Evaluation

Twenty Statements Test (TST)

The Twenty Statements Test (TST) is an instrument used to measure self concept.  It was devised in 1954 by Manfred Kuhn & Thomas McPartland, with the aim of finding a standardized way to measure assumptions and self-attitudes. The test takes the form of a survey, with respondents asked to give up to twenty responses to the prompts, "Who am I?" or "I am..."; it is not mandatory that respondents give twenty answers.

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Technological Pedagogical Content Knowledge (TPACK)

The Technological Pedagogical Content Knowledge (TPACK) was introduced to the education research field as a theoretical framework for understanding teacher knowledge required for effective technology integration. Seven components are addressed in the TPACK framework: Technology Knowledge, Content Knowledge, Pedagogical Knowledge, Pedagogical Content Knowledge, Technological Content Knowledge, Technological Pedagogical Knowledge, and Technological Pedagogical Content Knowledge.

The link below provides access to the instrument and documentation about the instrument.

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Teachers' Sense of Efficacy Scale

The Teachers' Sense of Efficacy Scale (also known as the Ohio State Teacher Efficacy Scale (OSTES)) is a self assessment designed to gain a better understanding of the kinds of things that create difficulties for teachers in their school activities. Two forms, a long form with 24 items and a short forms with 12 items, include three teacher efficacy subscales: instructional strategies, classroom management, and student engagement. 

The links below provides access to the instrument and information on its development.

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Student Attitude Toward STEM

The Student Attitude Toward STEM was developed to indicate students’ attitudes toward STEM, so that educational institutions that are implementing a STEM-based program can ascertain if their program is having the desired influence on their students. The instrument includes 24 items rated on a four-point likert scale measuring three constructs: interest, ability, and value

The link below provides access to the instrument and information on its development.

Authors provide instrument validity and/or reliability information.

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Stages of Concern Questionnaire (SoCQ)

Since its development in the 1970s, researchers, evaluators, and change facilitators have been using the Stages of Concern (SoC) Questionnaire to assess teacher concerns about new programs and practices. The purpose of this questionnaire is to determine what people are thinking about when using various programs or practices. It is intended to assess their levels of concerns at various times during the adoption process.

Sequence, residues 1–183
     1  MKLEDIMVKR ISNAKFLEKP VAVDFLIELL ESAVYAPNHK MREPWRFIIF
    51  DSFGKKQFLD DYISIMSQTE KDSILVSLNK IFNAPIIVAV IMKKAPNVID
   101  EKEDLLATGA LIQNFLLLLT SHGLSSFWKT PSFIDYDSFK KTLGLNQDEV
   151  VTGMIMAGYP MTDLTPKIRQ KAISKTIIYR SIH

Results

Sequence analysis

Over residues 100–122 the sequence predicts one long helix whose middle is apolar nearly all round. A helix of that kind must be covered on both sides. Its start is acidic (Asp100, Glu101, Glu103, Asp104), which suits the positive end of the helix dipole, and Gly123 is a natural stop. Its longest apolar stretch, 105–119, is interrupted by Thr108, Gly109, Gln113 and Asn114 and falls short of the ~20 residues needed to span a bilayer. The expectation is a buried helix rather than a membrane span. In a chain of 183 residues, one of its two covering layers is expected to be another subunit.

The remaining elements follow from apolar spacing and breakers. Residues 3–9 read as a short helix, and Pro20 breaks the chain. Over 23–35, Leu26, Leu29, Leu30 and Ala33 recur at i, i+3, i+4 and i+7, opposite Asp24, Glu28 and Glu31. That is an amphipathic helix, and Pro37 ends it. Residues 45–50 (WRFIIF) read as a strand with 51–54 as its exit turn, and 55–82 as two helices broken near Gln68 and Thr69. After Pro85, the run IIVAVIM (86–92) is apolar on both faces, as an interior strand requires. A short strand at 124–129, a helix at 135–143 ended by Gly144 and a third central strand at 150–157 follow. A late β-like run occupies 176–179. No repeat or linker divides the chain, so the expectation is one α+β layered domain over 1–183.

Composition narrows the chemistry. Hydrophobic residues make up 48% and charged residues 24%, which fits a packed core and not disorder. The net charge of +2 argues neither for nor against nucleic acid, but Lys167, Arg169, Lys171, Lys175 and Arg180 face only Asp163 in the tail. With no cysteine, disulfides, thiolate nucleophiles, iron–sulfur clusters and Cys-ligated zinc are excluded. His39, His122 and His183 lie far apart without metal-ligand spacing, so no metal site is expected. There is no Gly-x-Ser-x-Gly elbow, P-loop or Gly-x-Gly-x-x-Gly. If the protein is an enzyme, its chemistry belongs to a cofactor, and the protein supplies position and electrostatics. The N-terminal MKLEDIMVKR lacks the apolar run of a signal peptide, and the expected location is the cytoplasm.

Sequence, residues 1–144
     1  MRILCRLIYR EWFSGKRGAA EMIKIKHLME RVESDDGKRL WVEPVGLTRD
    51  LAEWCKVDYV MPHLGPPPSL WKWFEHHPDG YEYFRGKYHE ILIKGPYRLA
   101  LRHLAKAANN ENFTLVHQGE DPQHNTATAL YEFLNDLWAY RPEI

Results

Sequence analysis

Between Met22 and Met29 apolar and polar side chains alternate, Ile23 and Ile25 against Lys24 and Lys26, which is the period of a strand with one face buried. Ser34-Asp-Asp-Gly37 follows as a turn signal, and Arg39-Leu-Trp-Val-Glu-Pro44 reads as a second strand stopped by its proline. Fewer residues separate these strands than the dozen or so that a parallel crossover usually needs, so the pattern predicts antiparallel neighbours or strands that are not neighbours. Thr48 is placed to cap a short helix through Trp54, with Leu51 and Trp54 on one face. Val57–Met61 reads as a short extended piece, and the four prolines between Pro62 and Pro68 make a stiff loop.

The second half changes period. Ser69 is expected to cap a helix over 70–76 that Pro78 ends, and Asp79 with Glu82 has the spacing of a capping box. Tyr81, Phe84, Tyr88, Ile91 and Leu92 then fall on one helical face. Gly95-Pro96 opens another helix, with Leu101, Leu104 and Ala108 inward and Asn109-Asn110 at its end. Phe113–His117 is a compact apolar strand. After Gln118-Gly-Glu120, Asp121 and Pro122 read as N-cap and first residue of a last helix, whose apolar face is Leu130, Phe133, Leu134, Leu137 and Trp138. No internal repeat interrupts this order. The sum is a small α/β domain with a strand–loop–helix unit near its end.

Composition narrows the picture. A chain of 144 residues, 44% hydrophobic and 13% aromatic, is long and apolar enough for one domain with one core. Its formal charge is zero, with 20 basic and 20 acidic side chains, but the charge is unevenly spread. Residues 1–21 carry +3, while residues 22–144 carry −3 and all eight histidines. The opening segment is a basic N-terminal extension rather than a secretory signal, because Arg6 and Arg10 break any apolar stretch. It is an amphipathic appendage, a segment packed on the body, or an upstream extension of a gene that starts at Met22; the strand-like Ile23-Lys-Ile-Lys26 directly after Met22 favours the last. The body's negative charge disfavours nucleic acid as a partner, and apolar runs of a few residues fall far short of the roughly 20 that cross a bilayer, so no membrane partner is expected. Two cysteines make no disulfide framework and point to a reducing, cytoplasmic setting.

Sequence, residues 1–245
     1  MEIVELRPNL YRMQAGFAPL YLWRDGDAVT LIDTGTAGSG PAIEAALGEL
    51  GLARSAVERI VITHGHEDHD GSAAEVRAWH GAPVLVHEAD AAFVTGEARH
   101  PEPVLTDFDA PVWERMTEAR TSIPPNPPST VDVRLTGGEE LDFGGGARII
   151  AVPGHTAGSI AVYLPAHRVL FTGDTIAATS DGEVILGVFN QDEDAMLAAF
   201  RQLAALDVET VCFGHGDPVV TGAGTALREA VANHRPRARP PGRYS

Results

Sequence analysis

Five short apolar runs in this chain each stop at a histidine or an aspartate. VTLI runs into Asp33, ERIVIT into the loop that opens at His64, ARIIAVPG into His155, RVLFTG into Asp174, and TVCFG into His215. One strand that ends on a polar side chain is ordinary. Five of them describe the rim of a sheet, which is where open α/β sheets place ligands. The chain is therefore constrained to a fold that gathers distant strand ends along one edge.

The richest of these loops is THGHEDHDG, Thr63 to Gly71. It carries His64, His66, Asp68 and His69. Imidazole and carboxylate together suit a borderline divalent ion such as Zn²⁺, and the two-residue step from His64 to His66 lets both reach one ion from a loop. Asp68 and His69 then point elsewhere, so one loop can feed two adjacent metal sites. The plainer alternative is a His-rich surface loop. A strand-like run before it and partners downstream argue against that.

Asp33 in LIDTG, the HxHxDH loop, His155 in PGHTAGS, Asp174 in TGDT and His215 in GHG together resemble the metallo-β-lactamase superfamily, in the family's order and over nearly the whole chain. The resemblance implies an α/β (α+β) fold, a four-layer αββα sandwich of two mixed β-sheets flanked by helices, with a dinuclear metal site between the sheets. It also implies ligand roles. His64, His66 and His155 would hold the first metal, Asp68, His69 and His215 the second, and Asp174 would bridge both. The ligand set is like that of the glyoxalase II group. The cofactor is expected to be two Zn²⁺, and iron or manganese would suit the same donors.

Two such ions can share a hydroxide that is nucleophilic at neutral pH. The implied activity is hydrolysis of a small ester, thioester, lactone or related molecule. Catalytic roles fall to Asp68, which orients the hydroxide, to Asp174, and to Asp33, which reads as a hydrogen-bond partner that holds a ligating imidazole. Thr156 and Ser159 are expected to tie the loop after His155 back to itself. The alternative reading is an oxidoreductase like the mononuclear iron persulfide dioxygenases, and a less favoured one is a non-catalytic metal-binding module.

The link below provides access to the instrument as well as documentation about the instrument.

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Spatial Thinking Ability Test (STAT)

The Spatial Thinking Ability Test (STAT) integrates geography content knowledge and spatial skills.

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Spatial Ability

Spatial ability is required in technical and design jobs where drawing and plans are used, for example; architecture, surveying, engineering, and design. It is also important in some branches of science and technology where three-dimensional components are interacting. Spatial ability tests are administered by employers to job seekers during interviews. Practice test 1 includes 45 multiple choice questions. 

The link below provides access to the instrument and it is also attached.

 

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Sources of Self-Efficacy Beliefs

The Sources of Mathematics Self-Efficacy Scale was developed and tested with college and high school students. The college data supported a four-factor structure (performance, vicarious learning, social persuasion, emotional arousal). The high school data fit a five-factor model (performance, adult modeling, peer modeling, social persuasion, emotional arousal).

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Pupils' Attitude Toward Technology (PATT-USA)

In 1984, research was begun in The Netherlands to determine the attitude toward and concept of technology held by students aged 12-15 years.  An instrument was developed and a large scale sample was taken in that country. In 1987, Dr. William E. Dugger from VA Tech attended a conference of persons working with PATT and suggested the replication of the PATT study in the United States.

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My Next Move Career Assessment

The My Next Move Career Assessment is an on-line interest assessment with 60 questions targeted to help individuals learn what she/he likes to do. Responses are made on a 5-point scale ranging from strongly dislike to strongly like. Based on the individual’s interests and responses, the information gathered will be used to suggest potentially suitable occupations and careers. My Next Move is intended to assist all jobseekers. It may be especially useful for students, young adults and other first-time workers as they explore potential careers based on their interests.

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